There was a time when we only heard or read news of strangers becoming victims of crime. It was easy to shrug off the news because the victims were strangers. Somebody would cry for them but that somebody would not be us. We would just go on with our lives and worry about other things that were not at all worrisome. We would have to be very, very unlucky if we made it into the news ourselves.

Those days have receded into the background. It is starting to feel that it does not take random luck anymore to become a victim. We need to take active steps instead to prevent ourselves from becoming one.

In response, I think our society is becoming more reclusive than before as we collectively try to avoid becoming victims ourselves.

The idea of becoming a victim of crime is not so foreign anymore. In the past, the victim would be two, three or more degrees separated from us. Nowadays, it is likely that most of us personally know someone who has become a victim. It could be our family, friends, neighbors or colleagues.

That is definitely true in my case. While I have not become a victim myself, I know friends — not mere acquaintances — who have become victims of crime in recent years. One of them was robbed at knife-point after being taken for a ride in a cab some months ago. Thankfully the perpetrator was later apprehended and sentenced swiftly, but only after he raped a tourist.

Another almost lost his pinky while defending himself in a robbery. Yet another was beaten up and had his car taken away from him.

The whole experience is disconcerting. It is a feeling of you standing in the middle of a crowd and everybody surrounding you being eaten by wolves. Long ago there were lots of people and strangers especially between you and the wolves. Today, you can almost see the wolves themselves. It is too close for comfort.

However, the men and women of transformation try to convince us that it is merely a matter of perception — no thanks to the social media which is unhelpfully amplifying the fear as they would say — you get the feeling that you will be next. Rightly or wrongly, it gives out a sense of fatalism. It is not a matter of if. You only need to ask the wolves when.

While it is easy to be apathetic when a stranger has her handbag snatched or his house broken into, it is almost impossible to remain indifferent when your loved ones become victims. If it happens often enough, we will begin to take action on our own.

Some of us have. Looking around the city, the word ”some” is an understatement.

The first to come up noticeably were the boom gates and fences surrounding our neighborhoods in the suburbs. Along with private security services, residents put them up to deter home invasions. Sometimes, when I find myself inside one of those overzealous neighborhoods, I feel as if I am in a fortress, as if the world outside comprises of barbarians to be repelled and kept out.

The truth is that the security measures keep more than potential criminals out. Passing through these checkpoints can be a hassle. As we put them up, we will likely get fewer of the good kind of visitors in the process. In effect, we retreat inside our four walls.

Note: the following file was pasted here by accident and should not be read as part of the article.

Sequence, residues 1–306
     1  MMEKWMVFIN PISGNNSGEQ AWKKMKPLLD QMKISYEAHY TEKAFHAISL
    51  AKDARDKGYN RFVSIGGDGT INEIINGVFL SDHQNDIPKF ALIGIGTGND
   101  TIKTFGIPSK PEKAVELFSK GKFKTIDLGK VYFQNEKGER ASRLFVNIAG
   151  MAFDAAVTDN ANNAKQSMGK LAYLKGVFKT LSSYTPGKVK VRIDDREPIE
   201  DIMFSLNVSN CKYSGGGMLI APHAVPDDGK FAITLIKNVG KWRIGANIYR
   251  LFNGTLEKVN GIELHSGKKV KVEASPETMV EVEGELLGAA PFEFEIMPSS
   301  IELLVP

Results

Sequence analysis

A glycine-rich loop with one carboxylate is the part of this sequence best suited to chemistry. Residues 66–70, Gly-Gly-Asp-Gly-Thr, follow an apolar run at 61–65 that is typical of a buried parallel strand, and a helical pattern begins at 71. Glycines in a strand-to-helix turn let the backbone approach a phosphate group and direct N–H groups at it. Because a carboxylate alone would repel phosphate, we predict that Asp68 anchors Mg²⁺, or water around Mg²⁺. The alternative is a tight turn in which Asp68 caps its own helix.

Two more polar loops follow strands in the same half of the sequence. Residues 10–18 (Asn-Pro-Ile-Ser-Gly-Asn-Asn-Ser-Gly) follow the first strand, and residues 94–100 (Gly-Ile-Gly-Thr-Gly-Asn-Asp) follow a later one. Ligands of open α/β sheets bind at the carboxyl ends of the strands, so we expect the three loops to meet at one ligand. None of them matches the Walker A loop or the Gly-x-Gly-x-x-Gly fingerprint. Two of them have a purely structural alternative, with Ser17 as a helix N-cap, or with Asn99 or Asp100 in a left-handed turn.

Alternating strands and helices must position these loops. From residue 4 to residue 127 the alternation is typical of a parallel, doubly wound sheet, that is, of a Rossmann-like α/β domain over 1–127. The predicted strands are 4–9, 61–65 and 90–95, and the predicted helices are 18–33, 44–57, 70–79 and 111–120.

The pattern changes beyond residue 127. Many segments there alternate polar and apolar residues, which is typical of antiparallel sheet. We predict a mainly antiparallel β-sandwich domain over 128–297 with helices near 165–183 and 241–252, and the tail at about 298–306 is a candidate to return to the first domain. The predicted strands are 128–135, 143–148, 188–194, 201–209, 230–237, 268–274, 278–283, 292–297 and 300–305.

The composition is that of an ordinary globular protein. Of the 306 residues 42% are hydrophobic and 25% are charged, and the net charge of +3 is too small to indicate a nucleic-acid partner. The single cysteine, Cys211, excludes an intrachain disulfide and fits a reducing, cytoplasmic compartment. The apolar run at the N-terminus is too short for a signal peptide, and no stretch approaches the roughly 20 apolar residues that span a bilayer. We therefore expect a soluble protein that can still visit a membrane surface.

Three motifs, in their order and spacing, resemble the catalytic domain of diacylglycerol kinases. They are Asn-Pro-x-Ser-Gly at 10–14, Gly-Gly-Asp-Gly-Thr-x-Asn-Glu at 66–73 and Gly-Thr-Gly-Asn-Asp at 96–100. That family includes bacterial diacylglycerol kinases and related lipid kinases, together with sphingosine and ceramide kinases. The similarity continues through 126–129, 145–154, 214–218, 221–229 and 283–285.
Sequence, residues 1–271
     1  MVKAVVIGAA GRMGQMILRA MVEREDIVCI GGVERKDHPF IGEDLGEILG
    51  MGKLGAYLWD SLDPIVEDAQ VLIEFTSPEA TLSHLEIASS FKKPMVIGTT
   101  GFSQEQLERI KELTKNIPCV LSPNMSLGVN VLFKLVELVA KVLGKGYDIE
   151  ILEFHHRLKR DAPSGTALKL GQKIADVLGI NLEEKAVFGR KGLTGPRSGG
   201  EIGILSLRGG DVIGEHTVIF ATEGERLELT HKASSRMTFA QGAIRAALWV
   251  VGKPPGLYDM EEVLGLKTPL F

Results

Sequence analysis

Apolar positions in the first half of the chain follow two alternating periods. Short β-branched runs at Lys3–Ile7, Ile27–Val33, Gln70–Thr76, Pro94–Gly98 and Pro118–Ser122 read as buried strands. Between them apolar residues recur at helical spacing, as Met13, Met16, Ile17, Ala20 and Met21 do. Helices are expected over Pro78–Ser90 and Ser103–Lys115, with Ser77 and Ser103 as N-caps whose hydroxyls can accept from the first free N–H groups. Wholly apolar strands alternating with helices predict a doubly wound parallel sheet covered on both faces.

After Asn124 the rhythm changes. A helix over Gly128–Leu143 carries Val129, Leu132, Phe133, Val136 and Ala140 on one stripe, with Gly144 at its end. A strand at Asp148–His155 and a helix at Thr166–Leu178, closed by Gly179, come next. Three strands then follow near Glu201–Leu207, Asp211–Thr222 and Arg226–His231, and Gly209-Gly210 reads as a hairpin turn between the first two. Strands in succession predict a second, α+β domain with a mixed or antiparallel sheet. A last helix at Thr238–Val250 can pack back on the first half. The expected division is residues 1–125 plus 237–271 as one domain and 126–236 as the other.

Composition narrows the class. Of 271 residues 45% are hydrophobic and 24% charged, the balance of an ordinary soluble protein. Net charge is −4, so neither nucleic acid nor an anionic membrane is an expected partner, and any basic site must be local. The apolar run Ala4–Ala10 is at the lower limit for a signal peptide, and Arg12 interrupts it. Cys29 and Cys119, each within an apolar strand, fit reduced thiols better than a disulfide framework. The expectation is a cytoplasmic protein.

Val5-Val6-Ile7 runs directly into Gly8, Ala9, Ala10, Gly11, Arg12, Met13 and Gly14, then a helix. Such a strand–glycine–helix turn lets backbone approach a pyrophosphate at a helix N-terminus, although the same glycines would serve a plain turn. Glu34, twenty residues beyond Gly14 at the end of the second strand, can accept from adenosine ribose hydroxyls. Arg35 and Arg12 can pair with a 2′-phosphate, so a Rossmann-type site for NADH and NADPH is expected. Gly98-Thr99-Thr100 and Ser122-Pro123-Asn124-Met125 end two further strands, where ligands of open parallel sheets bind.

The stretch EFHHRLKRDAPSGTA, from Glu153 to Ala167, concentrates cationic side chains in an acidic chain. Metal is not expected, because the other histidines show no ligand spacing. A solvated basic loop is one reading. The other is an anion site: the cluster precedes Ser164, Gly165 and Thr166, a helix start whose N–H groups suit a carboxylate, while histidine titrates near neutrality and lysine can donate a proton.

Some of us have guns on ourselves. In the news some weeks back, a ”˜Tan Sri’, while waiting to meet his doctor at a clinic in Cheras in Kuala Lumpur, managed to defend himself and others in the clinic against a gang of robbers by shooting at them. One robber died. This is a rare story of a person successfully defending himself. But I wonder, what is the implication of that?

Do we now need guns to protect ourselves?

I am a libertarian and libertarians usually demand the right to bear arms. While that is so, I think libertarians, or at least just myself, also have higher ideals and that is to live in an open society. Whatever the value of the right to bear arms, guns do have a corrosive effect on openness. I would not have the guts to walk the streets where everybody is armed to the teeth.

Yet, unfortunately, we do not need the right to bear arms to be in that situation.

This week alone saw more people getting shot. One of them, a prominent local banker, was shot dead in broad daylight in the middle of the city. And who can forget, just months ago, a top official of the royal custom was shot dead in the middle of Putrajaya. If these happen all too often in a country with supposedly tough anti-guns laws, public places would be dearth of life.

I know I am not nearly as important as some of the victims mentioned here. That probably means that I am not a target per se. Nevertheless, I would not want to be there when it happens to some important persons. Being an accidental witness cannot only be emotionally horrifying, the shooters may not like a person witnessing the crime.

If we make it there without being stabbed or shot at, our future will be a reclusive, untrusting society. The future is not fixed but the path we are taking right now leads towards that future.

An easy and safe response is to stay at home, be quiet and be reclusive. No adventure, no meeting up with strangers and not even walking on the street alone.

Already we jog in gyms and not in the parks. Even in the parks, if we do run or walk, when we come upon a stranger along the path, we will run a bit faster rather than smile and say, “How do you do?”

Mohd Hafiz Noor Shams. Some rights reserved Mohd Hafiz Noor Shams. Some rights reserved Mohd Hafiz Noor Shams. Some rights reserved
First published in The Malay Mail Online on August 4 2013.

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